Their action, bravery and determination deserves all respect. I am very relieved to hear this has ended.
Detailed information can be found at Bhutan News Service. This photo shows the actual signed agreement:
I never had the intention to become another human rights advocate. And over the past year I have tried not to become one. To stay ‘objective’. Because that is what a documentary maker is supposed to stay. But in the end it proved impossible. The breaking point was reached when I got the news about the women on hunger strike in the refugee camp that I have been able to visit frequently earlier this year.
I still think that I am objective on the issues regarding the exiles (refugees is not a very good word because of the passiveness that it pushes upon the people) from Bhutan who have been living in these horrendous camps in the south east Terai in Nepal. Sure, these camps are in some ways not worse than poor rural communities in Nepal but it is the lack of freedom, the barbed wire and Armed Police Forces presence, food rationing and impossibility of integration with the surrounding Nepali society that is so connected through historical ties that bothers me. Visiting a refugee camp in Nepal is an experience unforgettable in a persons life. And for some a life changing event.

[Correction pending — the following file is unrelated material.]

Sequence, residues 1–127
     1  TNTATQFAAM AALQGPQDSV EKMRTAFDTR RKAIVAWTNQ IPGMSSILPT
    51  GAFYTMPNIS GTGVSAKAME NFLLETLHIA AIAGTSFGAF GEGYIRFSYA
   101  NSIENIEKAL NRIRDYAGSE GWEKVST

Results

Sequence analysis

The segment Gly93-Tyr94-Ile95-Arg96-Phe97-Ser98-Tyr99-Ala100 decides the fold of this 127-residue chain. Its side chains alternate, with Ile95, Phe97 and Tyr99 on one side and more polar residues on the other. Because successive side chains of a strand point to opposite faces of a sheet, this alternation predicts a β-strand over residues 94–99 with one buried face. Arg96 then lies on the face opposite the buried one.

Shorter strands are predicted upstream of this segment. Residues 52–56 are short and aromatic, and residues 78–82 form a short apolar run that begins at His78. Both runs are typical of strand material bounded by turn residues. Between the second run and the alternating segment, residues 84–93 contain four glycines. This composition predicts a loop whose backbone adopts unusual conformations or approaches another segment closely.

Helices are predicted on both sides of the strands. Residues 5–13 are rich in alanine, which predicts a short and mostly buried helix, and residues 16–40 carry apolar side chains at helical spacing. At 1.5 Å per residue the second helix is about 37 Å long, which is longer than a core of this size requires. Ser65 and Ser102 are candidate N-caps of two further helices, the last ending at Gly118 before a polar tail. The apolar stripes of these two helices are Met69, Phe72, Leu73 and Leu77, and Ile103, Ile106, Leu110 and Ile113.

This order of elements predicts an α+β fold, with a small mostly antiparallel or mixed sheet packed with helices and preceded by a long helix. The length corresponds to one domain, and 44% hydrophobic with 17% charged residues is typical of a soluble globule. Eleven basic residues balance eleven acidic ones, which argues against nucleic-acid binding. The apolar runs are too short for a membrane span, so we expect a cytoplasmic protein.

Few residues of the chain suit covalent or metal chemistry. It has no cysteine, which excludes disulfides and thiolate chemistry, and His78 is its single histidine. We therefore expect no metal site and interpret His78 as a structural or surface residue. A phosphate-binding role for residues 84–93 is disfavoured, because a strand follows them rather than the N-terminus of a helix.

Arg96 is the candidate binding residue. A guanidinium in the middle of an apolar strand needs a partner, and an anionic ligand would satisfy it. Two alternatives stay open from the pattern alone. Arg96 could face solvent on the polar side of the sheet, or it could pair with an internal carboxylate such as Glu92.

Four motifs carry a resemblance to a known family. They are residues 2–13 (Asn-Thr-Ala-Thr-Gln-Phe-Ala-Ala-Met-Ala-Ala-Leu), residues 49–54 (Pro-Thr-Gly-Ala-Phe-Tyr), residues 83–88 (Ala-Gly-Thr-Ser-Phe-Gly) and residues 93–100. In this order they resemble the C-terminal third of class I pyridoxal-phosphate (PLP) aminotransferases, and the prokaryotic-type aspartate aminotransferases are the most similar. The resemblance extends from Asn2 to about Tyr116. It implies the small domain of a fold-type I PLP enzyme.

My life has changed in the last year. I set out to write a book and became a film maker. And even that might very well prove to be just another stop along the road. Because when I realized that people who are not only an exile but also are being disregarded by the government of the country they fled to and by the international community which is present at the scene by the UNHCR representative I also realized that for me it is impossible to be a bystander. Hence, there is no way not be some sort of activist.